Weekly Thoughts: Stumpfed
Here is one thing that caught our eye this week:
We, like many others, have been following the ongoing scandal over unauthorized accounts at Wells Fargo, America’s second largest bank. For those unfamiliar, the bank recently reached a $185 million civil settlement with regulators for fraudulent activities conducted between 2011 and 2015. During this time, numerous bank employees (5,300 have been fired so far) used confidential customer information to create over 2 million fake bank and credit card accounts. Bloomberg provides some more insight:
“In a feverish drive to meet sales targets, bank employees opened the unauthorized accounts, transferred customers’ money into them, and signed people up for online banking, according to the regulators. Debit cards were issued and activated, as well as PINs created, without customers’ knowledge.”
As a result, Wells’ incentive compensation and governance practices have become a lightening rod issue, drawing significant public and political ire (during CEO John Stumpf’s Senate Banking Committee testimony, Senator Elizabeth Warren called his leadership “gutless”, noting that he should resign and be criminally investigated). This rhetoric is in stark contrast to the image previously upheld by Mr. Stumpf that Wells was somehow different from other, more-risky, global banks that were responsible for the mortgage crisis and by extension, the Great Recession. As The New York Times noted,
“Over the years, Mr. Stumpf has cultivated his image as a community banker and that of his bank as the antithesis of a giant global lender. While its rivals were mired in mortgage and trading scandals, Wells boasted that it was helping small businesses and families prosper in what Mr. Stumpf called the ‘real economy.'”
What’s interesting to us is that this carefully honed image has been tarnished not only by the breach of trust that occurred when customer information was used fraudulently, but arguably more so by how Wells’ leadership has managed the situation thus far. For instance, the existence of false accounts at Wells is not actually news, but rather something that has been public knowledge for over three years. However, last week’s settlement showed that the practice continued until very recently despite increased monitoring and ethics training efforts. This brings into question whether or not the bank’s ongoing bonus compensation program created such strong incentives to perform that fraud prevention measures were merely regulatory window dressing. The New York Times highlighted a “dichotomy between their ethics training — where they were formally told not to do anything inappropriate — and the on-the-job reality of a relentless push to meet sales goals that many considered unrealistic.” A separate New York Times article expands:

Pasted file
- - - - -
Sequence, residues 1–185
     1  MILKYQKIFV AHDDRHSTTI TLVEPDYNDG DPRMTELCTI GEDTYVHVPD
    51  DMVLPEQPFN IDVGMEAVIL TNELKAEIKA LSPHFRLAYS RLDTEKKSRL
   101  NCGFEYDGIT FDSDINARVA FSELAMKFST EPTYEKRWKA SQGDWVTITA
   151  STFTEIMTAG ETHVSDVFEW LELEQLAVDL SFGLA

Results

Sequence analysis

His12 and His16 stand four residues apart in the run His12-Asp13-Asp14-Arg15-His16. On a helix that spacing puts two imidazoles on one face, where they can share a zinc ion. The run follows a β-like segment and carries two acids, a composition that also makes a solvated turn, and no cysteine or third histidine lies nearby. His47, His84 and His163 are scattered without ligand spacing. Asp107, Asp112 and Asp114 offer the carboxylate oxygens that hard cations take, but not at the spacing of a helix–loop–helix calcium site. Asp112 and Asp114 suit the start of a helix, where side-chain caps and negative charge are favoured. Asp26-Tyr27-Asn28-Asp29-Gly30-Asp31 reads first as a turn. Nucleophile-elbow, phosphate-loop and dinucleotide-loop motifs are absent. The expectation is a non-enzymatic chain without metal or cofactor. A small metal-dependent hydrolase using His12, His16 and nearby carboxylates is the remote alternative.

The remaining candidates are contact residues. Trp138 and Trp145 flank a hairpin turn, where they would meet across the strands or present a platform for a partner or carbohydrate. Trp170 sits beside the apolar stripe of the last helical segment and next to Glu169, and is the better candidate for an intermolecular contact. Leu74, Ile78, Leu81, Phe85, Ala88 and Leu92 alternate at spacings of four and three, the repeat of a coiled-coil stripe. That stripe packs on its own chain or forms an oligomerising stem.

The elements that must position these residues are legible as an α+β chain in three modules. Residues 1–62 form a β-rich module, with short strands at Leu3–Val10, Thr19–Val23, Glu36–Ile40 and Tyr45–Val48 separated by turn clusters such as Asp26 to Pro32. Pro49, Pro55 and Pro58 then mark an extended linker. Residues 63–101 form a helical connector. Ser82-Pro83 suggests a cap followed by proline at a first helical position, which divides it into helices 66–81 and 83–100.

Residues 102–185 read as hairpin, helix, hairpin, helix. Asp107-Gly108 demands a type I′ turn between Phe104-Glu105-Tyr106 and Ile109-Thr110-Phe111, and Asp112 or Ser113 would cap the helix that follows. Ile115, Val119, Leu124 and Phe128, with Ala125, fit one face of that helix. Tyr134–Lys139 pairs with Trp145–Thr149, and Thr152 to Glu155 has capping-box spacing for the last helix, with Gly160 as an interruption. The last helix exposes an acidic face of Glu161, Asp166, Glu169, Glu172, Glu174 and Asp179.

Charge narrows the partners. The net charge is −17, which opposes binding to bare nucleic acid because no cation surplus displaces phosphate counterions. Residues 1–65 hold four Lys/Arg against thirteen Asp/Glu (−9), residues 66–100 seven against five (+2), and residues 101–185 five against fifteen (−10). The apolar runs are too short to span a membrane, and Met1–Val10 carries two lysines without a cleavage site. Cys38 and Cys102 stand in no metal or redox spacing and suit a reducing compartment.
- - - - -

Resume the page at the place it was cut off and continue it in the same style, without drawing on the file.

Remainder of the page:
“Some former employees say the explanation is simple: Wells has continued to push the sales goals that caused employees to break the rules in the first place….“They warned us about this type of behavior and said, ‘You must report it,’ but the reality was that people had to meet their goals,” said Khalid Taha, a former Wells Fargo personal banker who resigned in July. “They needed a paycheck.”
The source of tension here is whether or not Wells did enough to stop this behavior, particularly since the bank has promoted its retail cross-selling abilities to investors for years. And while bank executives have argued that the illegal activity did not occur due to a flawed incentive structure but rather was the result of unethical employees who “misinterpreted” sales goals, public opinion to date is not on their side. Slate summarized the skepticism noting, “does anyone believe that Wells Fargo just happened to have a really bad recruiting operation that selected only proto-criminals to be hired at the bank?”.
The problem is further exacerbated by the fact that although thousands of lower-level workers have been terminated in connection with these widespread illegal practices, key bank executives have maintained their jobs and high levels of compensation (Mr. Stumpf earned almost $103 million in total compensation during this time, and Carrie Tolstedt, the former head of retail banking, made more than $27 million over the last three years.) A New York Times Op-Ed by Susan M. Ochs, senior fellow at the research institution New America, summarized the situation:
“So, as in most banking scandals, lower- and midlevel employees face repercussions, but senior executives are whisked out of harm’s way, with their reputations and full stock awards intact. For Ms. Tolstedt, that could be as much as $125 million. Is it fair to blame the supervisor of 94,000 people for the actions of a small portion of them? Yes. First, illicit behavior involving thousands of people and two million fraudulent accounts cannot be dismissed as the work of a few bad apples. Systemic problems like this are exactly what top executives are supposed to address.”
In the face of mounting criticism, Wells announced it would eliminate sales goals from its retail bonus program starting in 2017 and only time will tell what will happen to Mr. Stumpf. And while Chenmark will likely never be in the retail banking business or be the size of Wells Fargo, we do think there are two key lessons to learn: First, it’s crucial that incentive compensation programs are designed to ensure long-term client needs are not sacrificed at the expense of short-term performance goals. Second, when a problem does occur, it’s the responsibility of management to “lead from the front” by holding themselves accountable to the same standards expected from their subordinates. Clearly, billions of dollars of shareholder value have been lost over the past weeks because those in charge of Wells Fargo failed to do so.
Have a great week,
Your Chenmark Capital Team